Tropical Storm Harvey reporter's notebook: Getting back to normal, slowly
It took 40 minutes to go a mile in downtown Houston on Thursday afternoon.
It wasn't the water this time to blame.
Instead, it was the welcomed sign of traffic. People trying to get back to their semi-normal routines.
There were still a lot of signs that Tropical Depression Harvey wasn't done with Houston.
At the 5.11 tactical store, deep discounts were being offered to law enforcement. Down the road in the fifth ward, cops were out taking donations at the Target parking lot. Laura Adams had six bottles of water, some stuffed animals and two boxes of strawberry flavored fruit roll ups. She was 5 years old.
"It's an important lesson," her mother, Lauren, told Fox News. "She has to learn not everyone is as fortunate as she is."
It’s night two of the mandatory curfew Houston Mayor Sylvester Turner has imposed.
The midnight to 5 a.m. citywide shutdown is an effort to prevent potential looting. Houston Police Chief Art Acevedo said the first night the curfew was in place there wasn't a single arrest. But would tonight be the same?
It’s the eerie silence that gets me.
Back at the hotel, it’s hard to miss the dozen or so men and women dressed head to toe in black, with guns and DEA badges. I ask one whether his time in Houston is almost up. He laughs.
“There is no end in sight,” he says. This particular agent is from St. Louis. “It’s all hands on deck.”
I met another, from Miami, and ask if he knows how long he will stay: “We go where Harvey goes.”
Even though the storm has moved out of east Texas, record rainfall is still crippling the area. The water caused the Neches River to overflow and damage the city’s water pumps, the city’s officials told us.
Overnight, Harvey’s floodwaters knocked out Beaumont’s water system completely. The city has now lost both its main and secondary water supplies.
"We will have to wait until the water levels from this historical flood recede before we can determine the extent of damage and make any needed repairs," the city said in a statement. "There is no way to determine how long this will take at this time."
Many are still without power when they got the news that the water was out too. This morning, I saw an HEB and a Kroger with lines wrapped around the building. Outside another local grocery store, there was a line 60-people deep waiting for gallons of water. Surprisingly, even though the outages had stripped these Houstonians of basic needs like power and water, they were in good spirits.
At 8 a.m. local time, 10-year-old Wendy Carter and her 12-year-old brother, Cary, rode their bikes to the store in search of water.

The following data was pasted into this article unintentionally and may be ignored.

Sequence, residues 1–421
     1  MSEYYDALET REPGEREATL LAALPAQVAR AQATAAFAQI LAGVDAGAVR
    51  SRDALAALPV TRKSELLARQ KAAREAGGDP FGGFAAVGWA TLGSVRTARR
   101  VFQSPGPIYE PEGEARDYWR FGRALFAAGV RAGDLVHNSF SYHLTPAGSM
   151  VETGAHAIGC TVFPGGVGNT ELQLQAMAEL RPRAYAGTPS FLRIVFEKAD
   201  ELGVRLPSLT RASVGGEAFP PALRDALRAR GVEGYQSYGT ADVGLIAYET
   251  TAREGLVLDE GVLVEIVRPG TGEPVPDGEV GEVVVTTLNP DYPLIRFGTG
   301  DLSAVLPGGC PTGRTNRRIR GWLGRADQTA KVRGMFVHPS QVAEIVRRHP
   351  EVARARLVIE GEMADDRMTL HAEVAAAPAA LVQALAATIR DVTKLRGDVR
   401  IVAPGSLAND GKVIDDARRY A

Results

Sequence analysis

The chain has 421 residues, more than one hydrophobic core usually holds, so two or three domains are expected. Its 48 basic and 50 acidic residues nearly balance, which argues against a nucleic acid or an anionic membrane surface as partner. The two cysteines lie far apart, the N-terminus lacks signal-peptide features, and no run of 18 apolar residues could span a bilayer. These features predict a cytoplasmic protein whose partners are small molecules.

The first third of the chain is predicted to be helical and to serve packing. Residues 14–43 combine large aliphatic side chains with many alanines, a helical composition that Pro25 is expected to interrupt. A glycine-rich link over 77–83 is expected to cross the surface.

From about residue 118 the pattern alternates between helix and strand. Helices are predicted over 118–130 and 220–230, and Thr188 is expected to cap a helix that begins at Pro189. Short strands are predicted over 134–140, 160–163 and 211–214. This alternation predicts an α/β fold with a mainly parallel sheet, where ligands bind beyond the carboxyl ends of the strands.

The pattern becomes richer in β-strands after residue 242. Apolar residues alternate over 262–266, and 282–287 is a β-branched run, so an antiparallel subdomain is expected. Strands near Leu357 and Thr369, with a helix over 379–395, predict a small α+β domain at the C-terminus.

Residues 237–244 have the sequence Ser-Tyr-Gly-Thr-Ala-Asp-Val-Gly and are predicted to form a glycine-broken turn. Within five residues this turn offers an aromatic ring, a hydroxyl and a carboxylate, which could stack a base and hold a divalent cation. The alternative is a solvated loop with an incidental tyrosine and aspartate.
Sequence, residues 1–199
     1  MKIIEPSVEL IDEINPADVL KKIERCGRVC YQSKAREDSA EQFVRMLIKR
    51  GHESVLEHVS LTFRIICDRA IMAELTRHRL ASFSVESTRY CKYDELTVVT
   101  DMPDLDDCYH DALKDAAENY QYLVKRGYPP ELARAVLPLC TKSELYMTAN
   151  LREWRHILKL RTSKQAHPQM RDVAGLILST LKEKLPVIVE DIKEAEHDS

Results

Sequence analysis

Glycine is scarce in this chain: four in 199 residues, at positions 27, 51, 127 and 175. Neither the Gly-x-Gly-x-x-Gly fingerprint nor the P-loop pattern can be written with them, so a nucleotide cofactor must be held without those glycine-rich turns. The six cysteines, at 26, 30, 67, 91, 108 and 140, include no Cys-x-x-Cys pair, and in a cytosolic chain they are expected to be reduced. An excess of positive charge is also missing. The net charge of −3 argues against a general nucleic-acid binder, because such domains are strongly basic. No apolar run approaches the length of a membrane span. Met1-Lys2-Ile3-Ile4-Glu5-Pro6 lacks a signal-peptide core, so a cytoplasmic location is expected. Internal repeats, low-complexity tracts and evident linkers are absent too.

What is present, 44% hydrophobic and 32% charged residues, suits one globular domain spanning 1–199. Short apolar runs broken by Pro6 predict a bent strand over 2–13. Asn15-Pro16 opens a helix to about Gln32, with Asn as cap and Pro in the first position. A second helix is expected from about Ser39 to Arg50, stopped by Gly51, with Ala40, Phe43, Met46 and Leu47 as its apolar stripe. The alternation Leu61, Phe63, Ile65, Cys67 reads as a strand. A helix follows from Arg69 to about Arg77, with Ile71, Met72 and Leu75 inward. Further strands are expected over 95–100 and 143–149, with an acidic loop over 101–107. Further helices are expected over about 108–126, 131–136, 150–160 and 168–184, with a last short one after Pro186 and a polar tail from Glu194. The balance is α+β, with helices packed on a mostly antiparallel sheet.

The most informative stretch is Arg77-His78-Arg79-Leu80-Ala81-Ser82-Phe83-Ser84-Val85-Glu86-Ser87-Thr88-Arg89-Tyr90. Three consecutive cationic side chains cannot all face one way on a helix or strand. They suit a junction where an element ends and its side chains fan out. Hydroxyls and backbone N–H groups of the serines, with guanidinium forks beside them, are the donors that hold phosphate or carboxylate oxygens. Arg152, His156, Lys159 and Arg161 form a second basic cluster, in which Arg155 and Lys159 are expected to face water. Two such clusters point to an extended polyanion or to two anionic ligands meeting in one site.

“There was a lot of water everywhere – even trying to get here – and we don’t know if we can make it back,” Cater told me. Her fourth grade teacher was also in line. The woman said she’d make sure Wendy and Cary made it back home safely.
Every day seems like rinse and repeat.
On Wednesday, just when Houstonians thought they were in the clear, the Addicks and Barker Reservoir could not hold any more. Both reservoir outlet gates were open, releasing storm water into Buffalo Bayou.
Within minutes, houses flooded in adjacent neighborhoods. Roadways that ran near the reservoirs were underwater. I had been living in that area. Harvey, whether a hurricane, tropical storm or tropical depression, remained unforgiving.
Some 3,000 homes near Addicks reservoir and 1,000 homes near Barker were inundated due to the water release. On Wednesday afternoon, Linder said the idea that 100,000 homes had been damaged is “not out of the question.”
Thousands of people from neighboring cities, states and across the country have rushed to Houston to help. They brought their boats, construction equipment and whatever they could donate with them.
Others, such as David Immler and Katherine Konker, used Harvey to teach his 2-year-old daughter, Abigail, about giving back.
Their community in Houston created a pop-up donation stand. Friends, neighbors and relatives brought water, diapers, baby formula and canned goods.
“It’s important to give back and that’s what we wanted to teach [Abigail],” Immler said. “She even helped paint the sign.”
On Polk St. downtown, employees, owners, patrons and community members were working double time at the bar and multipurpose venue. The owners had gutted the downstairs space to set up for donations. The speed and efficiency was unlike anything I had ever seen. The group holding the donation drive was called The Secret Group.
Everyone was pitching in, doing their part, and no one rested.
“If this had happened to me, I wouldn’t have wanted anyone to take a leisurely pace,” a man in a beard who was directing traffic out front told me.
“Are you here to make a donation? Can you help?” He asked.